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16 July 2013 09:31
The Foreign Office has updated its travel advice on Greece after increased numbers of jellyfish were reported
Britons have been advised to be on their guard for jellyfish to ensure they enjoy a trouble-free holiday in Greece this summer.
The UK Foreign & Commonwealth Office (FCO) has updated its travel advice for Greece following reports of an increase in the number of jellyfish blooms around the country.
Britons are being urged to keep a close eye on local advice as regards jellyfish, while of course holidaymakers will as ever be wanting to ensure they have good quality
travel insurance and
medical travel insurance in place whatever their destination.
The development comes after officials issued warnings about jellyfish in the Mediterranean coastal waters of France and Italy.
"We have been alerted to large numbers of jellyfish in the Mediterranean this summer, especially in a number of key holiday destinations for UK tourists," an FCO spokeswoman told BBC News.
She said the key aim is to make the FCO travel advice as useful as possible for people travelling overseas.
However, an expert in Italy told BBC News there is no need for any undue concern about the risks posed by jellyfish.
Professor Piraino, a marine biologist at the University of Salento in southern Italy, said a project known as the JellyRisk programme has been closely monitoring jellyfish activity and its impact on humans since 2009.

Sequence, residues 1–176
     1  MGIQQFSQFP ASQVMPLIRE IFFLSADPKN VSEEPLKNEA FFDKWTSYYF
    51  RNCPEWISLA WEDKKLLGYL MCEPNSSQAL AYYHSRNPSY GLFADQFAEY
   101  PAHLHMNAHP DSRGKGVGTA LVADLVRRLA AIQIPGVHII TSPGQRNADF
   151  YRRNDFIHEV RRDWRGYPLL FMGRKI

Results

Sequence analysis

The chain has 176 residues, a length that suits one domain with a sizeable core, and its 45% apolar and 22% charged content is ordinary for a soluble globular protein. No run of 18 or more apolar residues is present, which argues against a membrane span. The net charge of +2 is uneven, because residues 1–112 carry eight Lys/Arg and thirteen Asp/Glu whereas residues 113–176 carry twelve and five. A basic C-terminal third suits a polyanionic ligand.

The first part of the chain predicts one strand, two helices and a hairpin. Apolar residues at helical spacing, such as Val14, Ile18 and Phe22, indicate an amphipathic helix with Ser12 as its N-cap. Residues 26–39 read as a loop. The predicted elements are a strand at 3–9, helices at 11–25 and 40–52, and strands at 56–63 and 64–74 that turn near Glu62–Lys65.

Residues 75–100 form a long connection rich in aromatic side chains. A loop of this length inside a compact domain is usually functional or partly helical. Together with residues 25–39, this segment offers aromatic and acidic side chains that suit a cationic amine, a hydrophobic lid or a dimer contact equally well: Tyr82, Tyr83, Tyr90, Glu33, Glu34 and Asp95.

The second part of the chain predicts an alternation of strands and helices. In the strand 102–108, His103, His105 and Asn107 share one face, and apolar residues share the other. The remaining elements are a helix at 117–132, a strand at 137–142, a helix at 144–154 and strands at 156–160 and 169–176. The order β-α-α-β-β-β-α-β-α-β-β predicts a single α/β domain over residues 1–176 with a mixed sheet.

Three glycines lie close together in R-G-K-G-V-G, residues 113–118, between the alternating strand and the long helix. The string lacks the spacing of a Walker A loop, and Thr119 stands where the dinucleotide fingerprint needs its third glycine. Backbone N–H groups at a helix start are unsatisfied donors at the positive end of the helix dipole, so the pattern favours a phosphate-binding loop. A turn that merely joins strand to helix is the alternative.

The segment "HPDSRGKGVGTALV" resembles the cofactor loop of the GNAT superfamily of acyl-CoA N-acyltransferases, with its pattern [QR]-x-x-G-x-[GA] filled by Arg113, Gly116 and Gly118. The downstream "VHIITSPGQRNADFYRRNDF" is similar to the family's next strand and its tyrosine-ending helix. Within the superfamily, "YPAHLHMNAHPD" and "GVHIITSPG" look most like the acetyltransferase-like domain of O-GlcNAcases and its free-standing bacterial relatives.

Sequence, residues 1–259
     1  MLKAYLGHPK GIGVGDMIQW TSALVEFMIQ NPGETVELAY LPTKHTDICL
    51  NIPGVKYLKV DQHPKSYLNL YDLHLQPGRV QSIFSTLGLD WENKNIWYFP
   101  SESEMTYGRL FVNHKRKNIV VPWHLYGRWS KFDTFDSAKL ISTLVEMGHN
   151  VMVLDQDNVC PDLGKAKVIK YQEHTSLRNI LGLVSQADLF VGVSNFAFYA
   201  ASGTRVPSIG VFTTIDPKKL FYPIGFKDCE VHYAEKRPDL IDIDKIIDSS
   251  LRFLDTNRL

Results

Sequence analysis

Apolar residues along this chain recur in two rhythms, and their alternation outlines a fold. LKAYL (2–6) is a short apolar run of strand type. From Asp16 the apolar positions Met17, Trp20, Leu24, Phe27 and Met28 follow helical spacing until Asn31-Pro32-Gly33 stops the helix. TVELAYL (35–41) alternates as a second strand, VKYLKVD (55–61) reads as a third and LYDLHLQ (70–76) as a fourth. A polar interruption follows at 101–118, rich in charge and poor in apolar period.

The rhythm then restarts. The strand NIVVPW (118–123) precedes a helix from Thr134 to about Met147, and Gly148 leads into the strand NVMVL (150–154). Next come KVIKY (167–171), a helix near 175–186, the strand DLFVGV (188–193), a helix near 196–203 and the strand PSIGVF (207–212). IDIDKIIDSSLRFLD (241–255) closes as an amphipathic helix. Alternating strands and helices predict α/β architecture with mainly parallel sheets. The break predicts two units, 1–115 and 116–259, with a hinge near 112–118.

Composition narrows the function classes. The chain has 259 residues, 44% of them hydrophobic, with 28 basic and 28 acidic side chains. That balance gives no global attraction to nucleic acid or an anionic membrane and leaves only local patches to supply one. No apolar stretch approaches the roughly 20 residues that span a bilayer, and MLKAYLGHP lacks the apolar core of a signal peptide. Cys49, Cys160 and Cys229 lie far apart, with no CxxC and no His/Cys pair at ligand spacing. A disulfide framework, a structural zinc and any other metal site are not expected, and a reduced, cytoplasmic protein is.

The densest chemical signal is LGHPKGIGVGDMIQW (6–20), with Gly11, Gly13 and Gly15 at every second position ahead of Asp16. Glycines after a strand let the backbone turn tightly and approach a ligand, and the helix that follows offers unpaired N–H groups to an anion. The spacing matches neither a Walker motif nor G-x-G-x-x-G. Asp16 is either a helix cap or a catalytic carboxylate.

The expert is a project co-ordinator on the scheme and he acknowledged there has been an increase in jellyfish but the risk they pose is manageable.
"Of course, as in any other ocean or sea in the world, there might be some problems," he said.
However, he added that resorts across the Mediterranean are fortunate because the sea is not home to any deadly jellyfish.
The team behind the JellyRisk programme has developed a smartphone app enabling people to find out about jellyfish numbers in their current location.
It also provides scientific information about how to treat jellyfish stings in view of the fact the appropriate treatment depends on the species involved.
Anti-jellyfish nets are also due to be installed at several popular beaches to assess whether they are effective.
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